Teacher awaits call to serve country
De Soto High School journalism teacher Mike Sullivan balances serving his country with teaching his students.
Sullivan, of Shawnee, recently returned from a nine-week officer basic leadership course at Fort Sam Houston near San Antonio, Texas.
Sullivan first joined the U.S. Army Reserves to help pay for college. After graduation, Sullivan started working in athletic media relations and wasn't able to serve in the Reserves.
The terrorist attacks of Sept. 11, 2001, provoked something in Sullivan.
"It just really affected me," he said. "And then the morning after 9/11, my wife just had a feeling and we found out she was pregnant the next day."
Sullivan said he started thinking about re-enlisting with the Army Reserves.
"I wasn't going to be out there hunting terrorists or anything like that, but I knew that I could at least be a part of it," he said. "I debated it for a long time. It took about six months and I finally went through with it. It was about a month before my daughter was born."
Sullivan also marked his first year of teaching at De Soto High in 2001.
"It was like a month into the job and I was like 'Wow,'" he said. "I will never forget it. I was in first hour. It was broadcast journalism class and somebody gave me a call and said 'Hey, there is a plane crashed into the trade center.' For me, it was really good teaching tool in broadcast class. That was the main reason I had it on."
Sullivan, a medical services officer, has not yet been deployed, although the nation this week marked its fifth year in Iraq.
"It's going to happen eventually," he said. "When that is going to be, I don't know. Part of me thought when I got my paperwork when I left I was going to get orders. It just kind of depends. When it does happen, it could be with my unit, it could be with a different unit. I could do a number of different things. It could be stateside, it could be Iraq, it could be Germany, you just don't know."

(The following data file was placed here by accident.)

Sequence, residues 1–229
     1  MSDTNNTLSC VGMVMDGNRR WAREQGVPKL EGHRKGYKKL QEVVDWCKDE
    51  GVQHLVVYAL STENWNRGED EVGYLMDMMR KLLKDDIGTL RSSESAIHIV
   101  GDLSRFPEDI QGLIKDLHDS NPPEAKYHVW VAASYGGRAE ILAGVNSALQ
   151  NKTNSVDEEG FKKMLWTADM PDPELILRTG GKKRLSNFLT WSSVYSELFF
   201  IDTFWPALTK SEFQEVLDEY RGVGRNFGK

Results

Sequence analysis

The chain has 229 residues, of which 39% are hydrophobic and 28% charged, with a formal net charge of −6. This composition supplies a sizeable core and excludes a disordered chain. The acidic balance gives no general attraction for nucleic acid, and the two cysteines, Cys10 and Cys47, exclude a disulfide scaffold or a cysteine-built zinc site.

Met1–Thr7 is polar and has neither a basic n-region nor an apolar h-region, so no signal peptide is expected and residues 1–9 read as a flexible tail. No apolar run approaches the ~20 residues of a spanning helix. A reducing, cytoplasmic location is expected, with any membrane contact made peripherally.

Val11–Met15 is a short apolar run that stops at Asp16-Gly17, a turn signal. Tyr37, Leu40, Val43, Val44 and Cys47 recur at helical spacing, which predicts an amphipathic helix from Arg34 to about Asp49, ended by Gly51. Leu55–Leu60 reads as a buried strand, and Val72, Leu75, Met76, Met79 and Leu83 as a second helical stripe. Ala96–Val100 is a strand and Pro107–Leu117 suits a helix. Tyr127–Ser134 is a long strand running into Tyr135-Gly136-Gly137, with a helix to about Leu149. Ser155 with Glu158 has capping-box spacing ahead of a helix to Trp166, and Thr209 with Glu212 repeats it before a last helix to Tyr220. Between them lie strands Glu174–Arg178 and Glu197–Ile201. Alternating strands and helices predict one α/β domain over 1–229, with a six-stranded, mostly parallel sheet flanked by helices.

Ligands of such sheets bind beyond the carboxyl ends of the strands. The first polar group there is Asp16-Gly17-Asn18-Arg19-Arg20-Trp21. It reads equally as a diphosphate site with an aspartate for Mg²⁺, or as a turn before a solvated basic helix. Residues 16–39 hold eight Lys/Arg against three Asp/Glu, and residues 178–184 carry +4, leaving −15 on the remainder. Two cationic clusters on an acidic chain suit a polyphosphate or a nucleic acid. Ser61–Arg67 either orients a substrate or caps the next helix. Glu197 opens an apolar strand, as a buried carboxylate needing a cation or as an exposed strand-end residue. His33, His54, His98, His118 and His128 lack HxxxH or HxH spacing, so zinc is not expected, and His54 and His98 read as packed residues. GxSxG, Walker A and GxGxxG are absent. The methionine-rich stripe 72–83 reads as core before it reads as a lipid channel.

Although Sullivan knows he could be deployed at any time, he said he wasn't nervous. However, he knows it would take a toll on his family. Sullivan has a wife and two daughters.
"It's going to be harder on my family than anybody else," he said. "I think being gone this nine weeks was, I don't want to say a good thing, but it at least gave them a taste of what could happen. I think being away that long knows that we can survive it.
Plus, Sullivan said communicating from Iraq with loved ones is easier now.
"You have a lot better access to computers, phones and things like that," he said. "It's not like when we first got there. Now you can make daily contact via e-mail and that kind of thing."
Sullivan also noted that his job doesn't put him on the front lines.
"Being in the medical service corps, I'm not going to be in as much danger as anybody else," he said. "Whatever we do over there, we are looking out for the soldiers who are on the ground doing the fighting. My role is to get them better."
Sullivan recognized that next year could present a different situation in Iraq, depending on who becomes the next president.
"If (Hillary) Clinton or (Barack) Obama wins, it's not like they can just snap their fingers and pull everybody back, and so it's going to be a process," he said. "I think everybody wants us to pull out some."
However, Sullivan said his main concern was doing his duty.
"I don't get involved in the politics of it - are we going to pull out, are we not going to pull out," he said. "I'm just there to do what I can.
"As far as us being there, part of the reason why I'm in is because of what happened and whatever we can do to alleviate terrorism, I'm for it."